Track & Wire Inductance

All conductors, such as track and wire, have 3 electrical properties. 

1) Resistance.
2) Inductance.
3) Capacitance.

This section talks about #2 or Wire Inductance.   To understand how this all relates to our layout wiring and track, lets first understand what a inductance consist of.


THE PHYSICAL LAWS OF WIRES:  INDUCTANCE

In a wire, inductance and magnetic fields are directly tied to each other by physics.  The rules are as follows:

A) Changes in magnetic field generates electricity in wires. (Think Generator where a magnetic field is rotated by an external rotation force.)

B) Current flow in wires generates a Magnetic Field.  (Think of your old science lab where you built or used a battery powered Electro-Magnet that you used to pick up nails.)

C) Magnetic Fields have the ability to store energy in them. 

D) The energy of a magnetic field is directly related to the level of current flowing in the wire.   Higher current flow means stronger magnetic field and visa versa.

E) Inductance is the electrical effect of the presence of a magnetic field.

F) Inductance opposes any changes in the current level flowing in the wire by using the magnetic field as the energy to do it with.

G) The Inductance value in the wire is directly proportional to the length of the wire involved.  Stated another way, it proportional to the length of the magnetic field.

So we have a 3 way relationship between magnetic fields around the wire, inductance in the wire and the current flow down the wire.  That is part of the reason why the topic is complex.


HOW COME THESE PROPERTIES, INDUCTANCE AND CAPACITANCE, WERE NEVER BROUGHT UP WHEN TRAINS RAN ON DC?

When layouts used plain old DC power, we never has to worry about these physical properties of inductance and capacitance.  It was always there, but these propertied never made itself known until DCC came along.  Why?  Because inductance and capacitance make themselves known when we talk about AC power or signals.   DC is not AC, so inductance and capacitance were never important properties to worry about.   DCC is a form of AC power and as such these two properties now enter into equation when dealing with long wiring.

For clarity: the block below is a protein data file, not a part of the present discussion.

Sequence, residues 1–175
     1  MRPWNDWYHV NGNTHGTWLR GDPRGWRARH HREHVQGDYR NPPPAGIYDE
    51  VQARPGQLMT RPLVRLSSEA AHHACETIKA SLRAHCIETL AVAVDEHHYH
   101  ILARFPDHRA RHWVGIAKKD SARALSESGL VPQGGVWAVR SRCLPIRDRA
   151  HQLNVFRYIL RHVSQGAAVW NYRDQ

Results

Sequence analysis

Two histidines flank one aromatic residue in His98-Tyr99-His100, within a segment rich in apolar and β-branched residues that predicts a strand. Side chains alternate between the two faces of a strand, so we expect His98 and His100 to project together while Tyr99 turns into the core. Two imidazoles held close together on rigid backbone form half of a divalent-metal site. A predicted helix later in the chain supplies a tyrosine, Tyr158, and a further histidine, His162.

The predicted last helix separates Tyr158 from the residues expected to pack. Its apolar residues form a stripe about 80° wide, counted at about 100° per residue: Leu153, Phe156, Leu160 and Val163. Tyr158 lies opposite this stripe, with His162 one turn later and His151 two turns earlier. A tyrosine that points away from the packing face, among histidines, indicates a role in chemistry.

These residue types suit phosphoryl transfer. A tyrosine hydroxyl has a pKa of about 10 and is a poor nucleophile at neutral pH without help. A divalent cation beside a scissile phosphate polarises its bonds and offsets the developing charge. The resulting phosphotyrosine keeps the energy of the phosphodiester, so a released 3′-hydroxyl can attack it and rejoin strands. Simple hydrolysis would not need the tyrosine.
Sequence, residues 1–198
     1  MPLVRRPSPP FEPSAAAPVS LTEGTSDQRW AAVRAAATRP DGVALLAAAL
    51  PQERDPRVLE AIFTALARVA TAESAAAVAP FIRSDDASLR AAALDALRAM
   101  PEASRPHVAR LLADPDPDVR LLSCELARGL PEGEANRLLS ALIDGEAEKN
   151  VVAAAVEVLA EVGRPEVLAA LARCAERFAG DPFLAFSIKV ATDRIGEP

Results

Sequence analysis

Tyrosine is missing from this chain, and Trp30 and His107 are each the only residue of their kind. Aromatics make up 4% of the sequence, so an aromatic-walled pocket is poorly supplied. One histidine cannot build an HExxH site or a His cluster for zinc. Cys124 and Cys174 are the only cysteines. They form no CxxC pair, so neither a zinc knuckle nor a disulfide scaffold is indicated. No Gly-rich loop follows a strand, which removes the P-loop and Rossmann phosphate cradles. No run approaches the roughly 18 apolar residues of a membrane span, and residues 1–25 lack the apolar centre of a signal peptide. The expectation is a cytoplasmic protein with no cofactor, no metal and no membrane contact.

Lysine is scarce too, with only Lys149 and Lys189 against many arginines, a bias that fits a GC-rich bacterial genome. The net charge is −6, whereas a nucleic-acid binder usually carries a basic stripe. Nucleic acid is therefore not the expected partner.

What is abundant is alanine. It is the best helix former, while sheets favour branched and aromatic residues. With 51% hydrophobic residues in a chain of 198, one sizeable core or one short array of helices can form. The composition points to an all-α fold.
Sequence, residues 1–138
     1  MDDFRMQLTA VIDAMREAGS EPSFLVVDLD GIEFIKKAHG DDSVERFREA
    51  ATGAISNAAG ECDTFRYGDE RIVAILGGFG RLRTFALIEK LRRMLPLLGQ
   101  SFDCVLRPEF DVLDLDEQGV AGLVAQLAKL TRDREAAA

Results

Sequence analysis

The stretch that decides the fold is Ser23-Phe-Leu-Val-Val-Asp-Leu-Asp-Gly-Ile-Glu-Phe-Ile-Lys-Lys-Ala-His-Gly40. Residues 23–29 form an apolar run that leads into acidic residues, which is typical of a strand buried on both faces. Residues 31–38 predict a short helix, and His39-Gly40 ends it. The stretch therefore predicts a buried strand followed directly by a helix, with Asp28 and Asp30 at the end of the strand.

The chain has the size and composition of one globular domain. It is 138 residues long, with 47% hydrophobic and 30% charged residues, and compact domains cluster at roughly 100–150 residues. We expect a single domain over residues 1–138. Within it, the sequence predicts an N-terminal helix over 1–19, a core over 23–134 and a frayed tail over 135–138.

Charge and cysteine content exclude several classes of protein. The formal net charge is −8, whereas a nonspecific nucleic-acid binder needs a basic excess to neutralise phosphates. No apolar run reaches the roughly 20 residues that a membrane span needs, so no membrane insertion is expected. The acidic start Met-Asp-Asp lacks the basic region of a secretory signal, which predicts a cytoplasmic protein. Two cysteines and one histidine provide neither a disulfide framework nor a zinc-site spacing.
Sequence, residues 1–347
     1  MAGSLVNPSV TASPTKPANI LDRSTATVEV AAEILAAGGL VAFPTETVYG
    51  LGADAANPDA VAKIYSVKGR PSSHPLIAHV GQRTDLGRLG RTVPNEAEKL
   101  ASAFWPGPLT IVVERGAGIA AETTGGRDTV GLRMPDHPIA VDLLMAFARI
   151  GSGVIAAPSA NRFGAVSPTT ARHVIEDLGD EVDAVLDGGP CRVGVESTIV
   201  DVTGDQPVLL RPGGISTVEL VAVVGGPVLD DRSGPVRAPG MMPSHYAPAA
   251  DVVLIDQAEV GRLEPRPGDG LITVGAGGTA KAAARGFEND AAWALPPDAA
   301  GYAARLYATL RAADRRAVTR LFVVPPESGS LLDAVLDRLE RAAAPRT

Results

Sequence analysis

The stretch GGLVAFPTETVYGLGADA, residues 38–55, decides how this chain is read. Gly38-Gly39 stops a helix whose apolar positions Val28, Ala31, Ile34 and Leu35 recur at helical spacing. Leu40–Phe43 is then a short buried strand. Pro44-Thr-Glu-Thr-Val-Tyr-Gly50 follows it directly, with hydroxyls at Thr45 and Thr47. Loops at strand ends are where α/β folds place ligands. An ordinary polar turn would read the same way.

WHY IS INDUCTANCE A BAD THING FOR DCC?

Inductance and it associated magnetic field can be potentially destructive if the high current flowing in a wire is suddenly broken (instant decrease in current) at any time.  The inductance's forcibly generates a independent voltage in the wire that will rise to ANY VOLTAGE NECESSARY to re-establish the broken high current flow.  The new voltage has nothing to do with the original voltage that was there.  It rides on top of it.   Inductance can instantly generate 1000's of volts in a fraction of second which will continue to rise up until the current level is re-established.  We see this in the form of a voltage spike.  The weakest insulating device will be where the voltage will arc over and breakdown the insulation.  But with DCC, we have electronics in our decoders that are a lot more sensitive to electrical votlage spikes.  A voltage spike that is strong enough will destroy electronic parts exposed to it instantly.


DETAILS OF INDUCTANCE IN ACTION

Change in current flow is "AC" no matter how long the change in current takes or last (time/frequency).  This opposition to changes in current flow (increase or decrease) is called AC resistance or otherwise known as impedance.  Inductance can do this by using the magnetic fields energy at its will.  It will take energy away from an increasing current in an attempt to hold it constant by storing it in the magnetic field making the field stronger.  It opposes the increasing current flow by generating an opposing voltage in the wire!  The opposite is true.  If the current decreases, it will take energy back from the magnetic field to boost the current flow in the wire again in an attempt to keep it constant.  It does this by raising the voltage in the wire!  This raising or lowering the voltage is ON TOP OF (relative too) what ever voltage is on the wire initially.